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Optimal tax rate: Optimal taxation is about finding an ideal balance between generating revenue for the state and minimizing economic distortions. It aims to maximize social welfare by levying taxes efficiently without hindering economic growth or imposing excessive burdens on individuals or businesses. See also Taxation, Economy, Fiscal policy, Efficiency.
Annotation: The above characterizations of concepts are neither definitions nor exhausting presentations of problems related to them. Instead, they are intended to give a short introduction to the contributions below. – Lexicon of Arguments.

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Gabriel Zucman on Optimal Tax Rate - Dictionary of Arguments

Saez I 134
Optimal Tax Rate/Saez/Zucman: (...) a body of work suggests that the top marginal tax rate that collects the most revenue possible from the rich hovers around 75%. By the rich we mean the members of the top 1%, people with more than $500,000 in income in 2019.(1) This estimate is the best that exists today on the basis of many empirical studies conducted over the last two decades. If there are limited tax-avoidance opportunities, the rich respond only modestly to tax changes: whenever their keep rate rises by 1% (instead of keeping 70 cents after taxes out of any extra dollar earned, they keep 70.7 cents), they work harder and increase their pre-tax earnings by about 0.25% in response.8 This means that the tax base does not shrink much when the rich are taxed more heavily, implying optimal top marginal tax rates in the vicinity of 75%.(2)
1) (...)we’re talking about a marginal tax rate, a rate applied only to income earned above a high threshold, $500,000 today. The associated average tax rate is lower than that, because any dollar earned below this high threshold is taxed less. It’s only for the ultra-wealthy that marginal and average tax rates are the same.
Example: (...) if tomorrow the marginal tax rate on income above $500,000 were increased to 75%, the average tax rate of the top 1% richest Americans would reach 60%.(3) In other words, the optimal average tax rate on top bracket taxpayers is 60% - less than 60% for people at the bottom of the top 1%, up to 75% for the ultra-rich, and 60% on average among top one percenters.
Given that the average macroeconomic tax rate is around 30%, an average rate of 60% means that the top 1% richest Americans would pay twice as much in tax, as a fraction of their income, as the average person.
2) (...) these optimal tax rates take into account all taxes, at all levels of government. Since payroll taxes are capped and sales taxes are insignificant at the top, the optimal top marginal rate of 75% should be thought of as combining the federal income tax, any state income taxes, and the corporate income tax.((s) Saez and Zucman are talking about the USA.)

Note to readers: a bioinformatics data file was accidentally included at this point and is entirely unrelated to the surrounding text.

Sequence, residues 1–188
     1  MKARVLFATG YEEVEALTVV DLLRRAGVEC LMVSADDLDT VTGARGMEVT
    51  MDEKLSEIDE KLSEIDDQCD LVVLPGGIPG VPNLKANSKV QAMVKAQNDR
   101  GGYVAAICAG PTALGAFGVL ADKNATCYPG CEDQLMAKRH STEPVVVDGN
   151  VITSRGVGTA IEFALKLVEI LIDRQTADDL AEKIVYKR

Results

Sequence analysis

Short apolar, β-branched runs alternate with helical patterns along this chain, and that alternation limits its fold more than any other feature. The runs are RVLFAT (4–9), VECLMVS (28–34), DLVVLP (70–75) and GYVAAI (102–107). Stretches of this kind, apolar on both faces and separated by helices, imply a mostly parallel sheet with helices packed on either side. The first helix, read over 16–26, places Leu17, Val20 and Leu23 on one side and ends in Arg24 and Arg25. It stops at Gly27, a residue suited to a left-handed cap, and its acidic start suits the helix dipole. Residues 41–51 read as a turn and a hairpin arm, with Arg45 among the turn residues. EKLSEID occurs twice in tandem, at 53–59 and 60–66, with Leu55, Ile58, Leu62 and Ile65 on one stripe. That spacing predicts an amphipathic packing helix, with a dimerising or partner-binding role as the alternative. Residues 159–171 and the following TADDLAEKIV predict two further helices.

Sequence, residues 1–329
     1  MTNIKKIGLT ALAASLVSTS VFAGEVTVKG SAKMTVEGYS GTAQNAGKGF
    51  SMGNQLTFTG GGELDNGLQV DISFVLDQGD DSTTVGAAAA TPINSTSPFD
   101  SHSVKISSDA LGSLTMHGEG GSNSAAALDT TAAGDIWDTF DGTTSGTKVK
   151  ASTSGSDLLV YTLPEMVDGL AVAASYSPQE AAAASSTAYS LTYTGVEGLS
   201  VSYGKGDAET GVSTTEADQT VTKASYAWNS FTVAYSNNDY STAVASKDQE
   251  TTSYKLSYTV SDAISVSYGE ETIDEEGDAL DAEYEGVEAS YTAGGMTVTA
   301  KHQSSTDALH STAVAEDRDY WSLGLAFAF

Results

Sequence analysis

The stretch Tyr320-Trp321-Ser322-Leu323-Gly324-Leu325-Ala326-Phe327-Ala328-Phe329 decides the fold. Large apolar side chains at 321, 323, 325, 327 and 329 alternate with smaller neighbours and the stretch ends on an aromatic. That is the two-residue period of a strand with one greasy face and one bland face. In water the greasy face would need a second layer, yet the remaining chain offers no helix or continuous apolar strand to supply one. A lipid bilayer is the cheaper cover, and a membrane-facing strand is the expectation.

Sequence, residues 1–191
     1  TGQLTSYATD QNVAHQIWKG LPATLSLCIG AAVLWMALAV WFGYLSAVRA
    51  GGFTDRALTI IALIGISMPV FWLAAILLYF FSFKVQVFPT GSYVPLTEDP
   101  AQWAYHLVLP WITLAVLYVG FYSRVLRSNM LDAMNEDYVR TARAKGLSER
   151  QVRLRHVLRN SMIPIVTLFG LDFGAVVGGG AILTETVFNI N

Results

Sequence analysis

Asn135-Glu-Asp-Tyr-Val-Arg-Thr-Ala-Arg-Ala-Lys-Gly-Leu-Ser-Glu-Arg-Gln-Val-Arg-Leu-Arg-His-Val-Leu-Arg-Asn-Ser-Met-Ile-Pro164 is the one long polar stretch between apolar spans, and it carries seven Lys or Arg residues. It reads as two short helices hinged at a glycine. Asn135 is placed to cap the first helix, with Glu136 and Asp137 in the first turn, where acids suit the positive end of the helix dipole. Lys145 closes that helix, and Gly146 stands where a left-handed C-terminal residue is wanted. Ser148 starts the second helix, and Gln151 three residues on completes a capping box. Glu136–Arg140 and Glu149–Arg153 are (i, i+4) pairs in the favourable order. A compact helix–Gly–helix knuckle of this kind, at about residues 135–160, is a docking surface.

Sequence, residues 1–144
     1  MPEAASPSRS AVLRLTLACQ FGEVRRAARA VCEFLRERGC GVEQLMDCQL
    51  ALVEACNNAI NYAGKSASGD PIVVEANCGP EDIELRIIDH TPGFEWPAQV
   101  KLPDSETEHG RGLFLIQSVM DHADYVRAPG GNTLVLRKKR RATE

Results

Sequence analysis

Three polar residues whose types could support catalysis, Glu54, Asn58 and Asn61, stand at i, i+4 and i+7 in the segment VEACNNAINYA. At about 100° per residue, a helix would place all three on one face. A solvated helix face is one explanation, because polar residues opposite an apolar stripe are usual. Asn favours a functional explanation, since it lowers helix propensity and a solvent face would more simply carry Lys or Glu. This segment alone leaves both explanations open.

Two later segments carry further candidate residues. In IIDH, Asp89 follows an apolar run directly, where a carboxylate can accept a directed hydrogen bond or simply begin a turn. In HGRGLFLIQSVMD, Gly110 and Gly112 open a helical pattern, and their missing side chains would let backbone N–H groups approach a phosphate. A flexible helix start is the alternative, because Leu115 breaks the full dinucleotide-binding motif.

Saez I 135
3) Hiking top tax rates without any other change to the tax code or to enforcement would be a bad idea. The supply of tax dodges in circulation is too large. Before we can effectively tax the wealthy more, avoidance must be curtailed. We need to create the institutions that make a robust tax system sustainable in the long run, even in the era of extreme inequality. Cf. >Ramsey Rule
, >Tax evasion, >Laffer curve.

>Tax Avoidance, >Tax Competition, >Tax Compliance, >Tax Havens, >Tax Incidence, >Tax Loopholes, >Tax System.

1. See Diamond and Saez (2011) for a summary of the theoretical analysis:
-Peter A. Diamond and Emmanuel Saez. “The Case for a Progressive Tax: From Basic Research to Policy Recommendations.” Journal of Economic Perspectives 25, no. 4 (2011): 165–190.
2. Saez, Slemrod, and Giertz (2012) review the empirical literature and show that large documented behavioral responses to tax changes always arise from tax avoidance.
- Emmanuel Saez, Joel Slemrod, and Seth Giertz. “The Elasticity of Taxable Income with Respect to Marginal Tax Rates: A Critical Review.” Journal of Economic Literature 50, no. 1 (2012): 3–50.
In the case of tax systems with few avoidance opportunities such as Denmark, behavioral responses to tax changes are quantitatively small with elasticities in the range of 0.2–0.3 for top earners (Kleven and Schultz, 2014):
-Hendrik Kleven and Esben Anton Schultz. “Estimating Taxable Income Responses using Danish Tax Reforms.” American Economic Journal: Economic Policy 6, no. 4 (2014): 271–301.
3. The average income above $500,000 is approximately $1,500,000 (Piketty, Saez, Zucman 2018):
-Thomas Piketty, Emmanuel Saez, and Gabriel Zucman. “Distributional National Accounts: Methods and Estimates for the United States.” Quarterly Journal of Economics 133, no. 1 (2018): 553–609.
Hence top bracket taxpayers would pay 75% on $1,000,000 and a lower rate on their first $500,000. If we assume that the tax rate on their first $500,000 is the average macroeconomic tax rate of 30%, this gives a total tax rate on top bracket taxpayers taxpayers of (2/3) × 75 + (1/3) × 30 = 60%.

Explanation of symbols: Roman numerals indicate the source, arabic numerals indicate the page number. The corresponding books are indicated on the right hand side. ((s)…): Comment by the sender of the contribution. Translations: Dictionary of Arguments
The note [Concept/Author], [Author1]Vs[Author2] or [Author]Vs[term] resp. "problem:"/"solution:", "old:"/"new:" and "thesis:" is an addition from the Dictionary of Arguments. If a German edition is specified, the page numbers refer to this edition.
Zucman, Gabriel

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